If you want to know more about the enthusiasm I so embrace, and the crazy connections made by my friends and I, then this is a great book for that. I very much enjoyed the writing, and I encourage you to read this great review of the book and its charm in The New York Times.

3-Dirt to Soil by Gabe Brown (published in 2018)

Read by the author, I enjoyed this book a lot. Gabe Brown is one of the most important agricultural leaders in the United States, and if you’ve not heard of him, please read more about him online. I’ve heard about people trying forms of regenerative gardening, but regenerative agriculture matters even more and we as consumers should be supporting these growers, and by doing so, hopefully more growers can return to this more natural way of producing crops. If you want to own your own regenerative farm, this is THE book for you.

My childhood garden mentor had studied soil physics. Yes, I was the unusual kid who wanted to learn about soil, and how soil mattered to my interest—which was plants. As a young girl, I spent many hours listening to my mentor talk about the American prairie, about the Dust Bowl, and about how we could fix things. He used to tell me over and over that studying native plants and the native prairies would lead to great things. He was way ahead of his time and very well already knew the destruction we’d caused by continuing to believe in destructive agricultural practices.

These discussion are what eventually led me to wanting to go to Duke University in the 1990s badly because they had an ecology program, and it is also part of what led me to visiting that campus just last year for the first time. (Their program is still one of the best in the world.) It’s kind of fun to write about all of this now and unload it from my heart and mind.

Having just finished this book, and having been prescribed the medication that could have allowed me to follow that path in 1992, I felt that it was only right to show up on the campus at least, and it felt right at the time to feel the feelings (to process them more), and this book thankfully had put me back into that frame-of-mind and I’m grateful for the happy memories and emotional closure. While I didn’t follow that path, I can still talk about and incorporate ecological landscape matrices into my work and writing as a horticulturist. To my very core, I see everything in this way thanks to my early childhood.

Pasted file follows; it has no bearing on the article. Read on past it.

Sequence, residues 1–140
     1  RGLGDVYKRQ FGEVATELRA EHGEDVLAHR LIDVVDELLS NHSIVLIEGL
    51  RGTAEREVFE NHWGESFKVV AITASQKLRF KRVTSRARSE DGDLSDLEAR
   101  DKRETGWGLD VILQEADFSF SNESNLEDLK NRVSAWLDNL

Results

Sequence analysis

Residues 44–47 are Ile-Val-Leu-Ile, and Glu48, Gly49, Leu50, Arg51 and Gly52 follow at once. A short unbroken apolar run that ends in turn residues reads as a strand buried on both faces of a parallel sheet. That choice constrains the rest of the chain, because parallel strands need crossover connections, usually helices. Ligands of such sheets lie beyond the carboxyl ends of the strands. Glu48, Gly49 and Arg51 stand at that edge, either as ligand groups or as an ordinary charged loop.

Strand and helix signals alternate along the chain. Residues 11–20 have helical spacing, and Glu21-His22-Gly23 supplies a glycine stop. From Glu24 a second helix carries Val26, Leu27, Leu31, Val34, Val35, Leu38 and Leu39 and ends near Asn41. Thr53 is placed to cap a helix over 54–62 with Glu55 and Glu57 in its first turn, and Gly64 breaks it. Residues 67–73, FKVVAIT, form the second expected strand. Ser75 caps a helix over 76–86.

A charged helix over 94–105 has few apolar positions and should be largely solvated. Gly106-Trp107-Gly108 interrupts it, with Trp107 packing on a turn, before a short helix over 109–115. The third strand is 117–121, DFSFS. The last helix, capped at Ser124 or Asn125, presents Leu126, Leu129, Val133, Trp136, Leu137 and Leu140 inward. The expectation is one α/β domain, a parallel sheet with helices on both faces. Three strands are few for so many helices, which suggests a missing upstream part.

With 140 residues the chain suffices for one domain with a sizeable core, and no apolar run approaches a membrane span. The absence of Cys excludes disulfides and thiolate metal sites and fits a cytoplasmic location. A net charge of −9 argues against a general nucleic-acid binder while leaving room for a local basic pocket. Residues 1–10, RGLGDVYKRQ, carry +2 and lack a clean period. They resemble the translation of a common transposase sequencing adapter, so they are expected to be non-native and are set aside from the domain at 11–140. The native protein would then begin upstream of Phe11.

So getting back to the book, it shows step-by-step how one family took their ranch from “traditional” farming practices, to regenerative ones. I loved how it explained generational changes, and even farm inheritance issues. Many of us have quickly forgotten our own families that farmed, and yet this tradition is part of the subsidized core of the culture of this nation. It’s something I’ve really enjoyed thinking about during the last few years as I’ve listened to several of these texts at work.

It may not be a literary gem, and it can repeat itself a lot, but it’s meant more to teach the reader about something absolutely mind-shattering to some. I too often forget how stuck people become in how to to do things, or “this is how we do this”.

Gabe Brown is part of the soil-health movement, and when I read this book, in turn, I had discussions with others about soil. Horticulturists who are trained by science are more than aware about dirt to soil. Be one of those gardeners in your community, and support the soil-health movement. We talk about grassroots movements and it doesn’t get more “from the ground up” than this.

Soil matters.

4-Bringing Nature Home by Douglas W. Tallamy (published in 2007)